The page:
Election Officials Under Attack: How to Protect Administrators and Safeguard Democracy
The most troubling and impactful villainization of election officials in the last year has come from some of America’s political leaders. Many have pointed to President Trump’s attempt to delegitimize the 2020 election results as “rigged” — and the “Stop the Steal” movement he inspired — as the reason for targeting election officials. But the problem goes far deeper than one man.
In several states, party leaders have censured and replaced officials who insisted on telling the truth about the security and accuracy of the election. Legislators have introduced bills that would impose criminal penalties on election officials and workers for taking steps like proactively sending mail ballot applications to voters or, under certain circumstances, purchasing advertisements about upcoming elections on social media platforms like Twitter or Facebook. Finally, and most troublingly for the future of our democracy, state legislatures across the nation have taken steps to strip election officials of the power to run, count, and certify elections, consolidating power in their own hands over processes intended to be free of partisan or political interference.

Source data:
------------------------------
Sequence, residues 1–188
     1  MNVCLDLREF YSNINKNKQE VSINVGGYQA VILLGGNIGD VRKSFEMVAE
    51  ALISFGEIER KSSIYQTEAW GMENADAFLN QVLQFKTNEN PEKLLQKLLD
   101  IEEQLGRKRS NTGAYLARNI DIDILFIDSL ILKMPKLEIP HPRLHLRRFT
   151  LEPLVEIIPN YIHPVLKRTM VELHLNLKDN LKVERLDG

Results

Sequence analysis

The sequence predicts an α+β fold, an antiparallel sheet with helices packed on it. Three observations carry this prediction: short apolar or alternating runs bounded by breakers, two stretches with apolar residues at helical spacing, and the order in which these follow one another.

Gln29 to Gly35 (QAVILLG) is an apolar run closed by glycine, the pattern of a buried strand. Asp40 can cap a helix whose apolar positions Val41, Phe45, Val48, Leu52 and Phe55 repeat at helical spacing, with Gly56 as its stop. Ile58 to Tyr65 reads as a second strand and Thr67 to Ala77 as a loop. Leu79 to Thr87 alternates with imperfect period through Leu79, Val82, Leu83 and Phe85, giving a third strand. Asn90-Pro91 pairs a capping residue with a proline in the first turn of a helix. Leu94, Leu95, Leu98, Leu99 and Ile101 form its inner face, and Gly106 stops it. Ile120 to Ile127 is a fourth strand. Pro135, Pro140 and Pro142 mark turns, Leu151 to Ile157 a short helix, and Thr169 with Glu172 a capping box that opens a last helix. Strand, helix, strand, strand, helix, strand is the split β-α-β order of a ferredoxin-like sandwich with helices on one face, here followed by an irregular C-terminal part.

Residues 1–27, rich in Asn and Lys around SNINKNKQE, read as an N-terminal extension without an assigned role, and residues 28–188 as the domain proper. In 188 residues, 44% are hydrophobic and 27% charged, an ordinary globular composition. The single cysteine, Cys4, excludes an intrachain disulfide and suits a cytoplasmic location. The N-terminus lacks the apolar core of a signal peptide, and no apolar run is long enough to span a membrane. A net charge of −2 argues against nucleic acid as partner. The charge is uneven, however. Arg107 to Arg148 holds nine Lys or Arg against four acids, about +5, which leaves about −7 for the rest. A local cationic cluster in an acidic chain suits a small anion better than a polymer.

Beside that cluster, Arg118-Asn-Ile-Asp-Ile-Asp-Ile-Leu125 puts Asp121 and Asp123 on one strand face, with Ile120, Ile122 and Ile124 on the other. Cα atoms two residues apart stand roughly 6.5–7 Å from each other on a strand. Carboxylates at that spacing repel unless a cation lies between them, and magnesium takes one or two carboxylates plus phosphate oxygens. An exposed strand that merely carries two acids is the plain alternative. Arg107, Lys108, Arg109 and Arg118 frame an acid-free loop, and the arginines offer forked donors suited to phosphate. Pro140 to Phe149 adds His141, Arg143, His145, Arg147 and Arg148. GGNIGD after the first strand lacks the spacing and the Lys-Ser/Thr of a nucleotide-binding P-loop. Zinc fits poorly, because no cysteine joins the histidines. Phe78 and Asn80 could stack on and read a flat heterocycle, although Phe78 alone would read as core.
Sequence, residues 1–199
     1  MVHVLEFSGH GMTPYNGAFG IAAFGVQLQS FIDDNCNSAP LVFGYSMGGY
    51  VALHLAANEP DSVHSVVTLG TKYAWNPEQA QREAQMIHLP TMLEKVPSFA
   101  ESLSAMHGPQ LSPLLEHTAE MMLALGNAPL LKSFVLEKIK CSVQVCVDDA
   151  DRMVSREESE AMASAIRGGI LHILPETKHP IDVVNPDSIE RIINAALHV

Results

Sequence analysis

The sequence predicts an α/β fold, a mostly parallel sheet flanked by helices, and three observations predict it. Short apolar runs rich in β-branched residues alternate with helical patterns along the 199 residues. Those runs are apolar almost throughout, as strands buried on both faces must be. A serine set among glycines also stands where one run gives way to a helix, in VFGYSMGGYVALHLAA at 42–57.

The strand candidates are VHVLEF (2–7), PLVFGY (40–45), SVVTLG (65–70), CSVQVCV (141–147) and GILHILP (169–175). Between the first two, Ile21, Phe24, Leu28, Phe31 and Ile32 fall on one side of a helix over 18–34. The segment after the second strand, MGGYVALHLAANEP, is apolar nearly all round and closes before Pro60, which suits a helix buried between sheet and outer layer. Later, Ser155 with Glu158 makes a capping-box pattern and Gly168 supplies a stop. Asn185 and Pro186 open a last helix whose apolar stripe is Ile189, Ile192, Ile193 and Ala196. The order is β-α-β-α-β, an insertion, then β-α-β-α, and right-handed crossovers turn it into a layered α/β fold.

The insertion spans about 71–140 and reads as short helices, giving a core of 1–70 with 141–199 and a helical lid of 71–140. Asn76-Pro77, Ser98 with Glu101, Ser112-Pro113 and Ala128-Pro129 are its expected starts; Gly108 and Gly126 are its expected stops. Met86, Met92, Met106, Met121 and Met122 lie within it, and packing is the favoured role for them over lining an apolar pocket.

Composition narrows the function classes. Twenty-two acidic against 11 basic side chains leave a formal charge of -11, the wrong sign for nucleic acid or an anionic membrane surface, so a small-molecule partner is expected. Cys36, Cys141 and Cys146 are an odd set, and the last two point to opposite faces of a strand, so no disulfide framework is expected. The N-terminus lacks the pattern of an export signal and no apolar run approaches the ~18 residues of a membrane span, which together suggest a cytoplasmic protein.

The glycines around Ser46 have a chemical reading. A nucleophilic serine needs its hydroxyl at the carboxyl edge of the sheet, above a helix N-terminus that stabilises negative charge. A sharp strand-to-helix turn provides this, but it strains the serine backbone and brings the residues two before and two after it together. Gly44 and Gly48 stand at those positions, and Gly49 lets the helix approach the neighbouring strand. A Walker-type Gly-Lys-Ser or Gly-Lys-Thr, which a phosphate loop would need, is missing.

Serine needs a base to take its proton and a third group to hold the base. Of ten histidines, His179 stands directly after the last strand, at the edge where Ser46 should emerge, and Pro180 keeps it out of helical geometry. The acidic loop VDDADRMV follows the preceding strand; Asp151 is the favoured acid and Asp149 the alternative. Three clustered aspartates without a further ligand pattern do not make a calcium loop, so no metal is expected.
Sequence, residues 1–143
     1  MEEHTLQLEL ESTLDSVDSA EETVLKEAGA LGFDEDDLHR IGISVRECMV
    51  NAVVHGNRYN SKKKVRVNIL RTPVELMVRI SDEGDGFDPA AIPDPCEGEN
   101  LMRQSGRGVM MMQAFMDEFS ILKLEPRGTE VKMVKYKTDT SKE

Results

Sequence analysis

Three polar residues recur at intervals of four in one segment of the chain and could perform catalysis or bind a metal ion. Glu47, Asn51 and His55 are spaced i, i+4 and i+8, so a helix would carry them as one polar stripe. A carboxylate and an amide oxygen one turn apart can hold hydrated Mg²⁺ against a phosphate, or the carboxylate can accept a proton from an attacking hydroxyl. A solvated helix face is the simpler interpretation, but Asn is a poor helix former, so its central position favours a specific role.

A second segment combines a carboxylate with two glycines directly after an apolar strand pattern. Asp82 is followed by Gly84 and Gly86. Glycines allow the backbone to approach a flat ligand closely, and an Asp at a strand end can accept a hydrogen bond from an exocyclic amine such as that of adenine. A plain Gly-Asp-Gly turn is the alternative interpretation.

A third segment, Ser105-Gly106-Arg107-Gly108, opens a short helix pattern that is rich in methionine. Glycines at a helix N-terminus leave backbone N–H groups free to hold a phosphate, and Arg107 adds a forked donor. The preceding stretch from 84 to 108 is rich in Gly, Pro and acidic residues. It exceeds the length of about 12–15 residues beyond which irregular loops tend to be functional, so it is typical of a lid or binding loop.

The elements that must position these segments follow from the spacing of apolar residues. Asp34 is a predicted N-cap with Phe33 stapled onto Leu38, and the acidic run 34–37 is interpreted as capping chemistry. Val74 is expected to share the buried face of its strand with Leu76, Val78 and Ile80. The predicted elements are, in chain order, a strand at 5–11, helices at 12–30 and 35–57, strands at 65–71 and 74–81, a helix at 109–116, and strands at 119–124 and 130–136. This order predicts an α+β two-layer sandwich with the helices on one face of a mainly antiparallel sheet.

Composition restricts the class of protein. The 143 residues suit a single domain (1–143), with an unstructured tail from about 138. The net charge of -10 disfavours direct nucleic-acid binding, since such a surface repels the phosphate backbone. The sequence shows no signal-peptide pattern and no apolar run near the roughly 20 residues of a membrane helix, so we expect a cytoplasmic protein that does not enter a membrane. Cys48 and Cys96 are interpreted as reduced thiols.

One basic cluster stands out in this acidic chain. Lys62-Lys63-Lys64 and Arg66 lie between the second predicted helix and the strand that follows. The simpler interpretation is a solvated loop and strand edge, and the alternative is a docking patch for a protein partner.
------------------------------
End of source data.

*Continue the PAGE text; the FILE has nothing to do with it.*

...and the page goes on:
All of this represents a mortal danger to American democracy, which cannot survive without public servants who can freely and fairly run our elections. We must ensure that they feel not only safe but also supported and appreciated for their vital efforts.
Over the past few months, the Brennan Center for Justice, the Bipartisan Policy Center, and Harvard Kennedy School’s Ash Center for Democratic Governance and Innovation explored this question, interviewing and hosting conversations with nearly three dozen election officials and over 30 experts in democracy, election administration and technology, cybersecurity, disinformation, international elections, behavioral science, and criminal procedure.
Four overlapping areas of concern that threaten the integrity of election administration in the United States were identified. Each one represents a separate section of this report: violent threats against election workers and their families; disinformation about election administration; partisan and political interference; and challenges to keeping and recruiting talented workers committed to fairness in elections.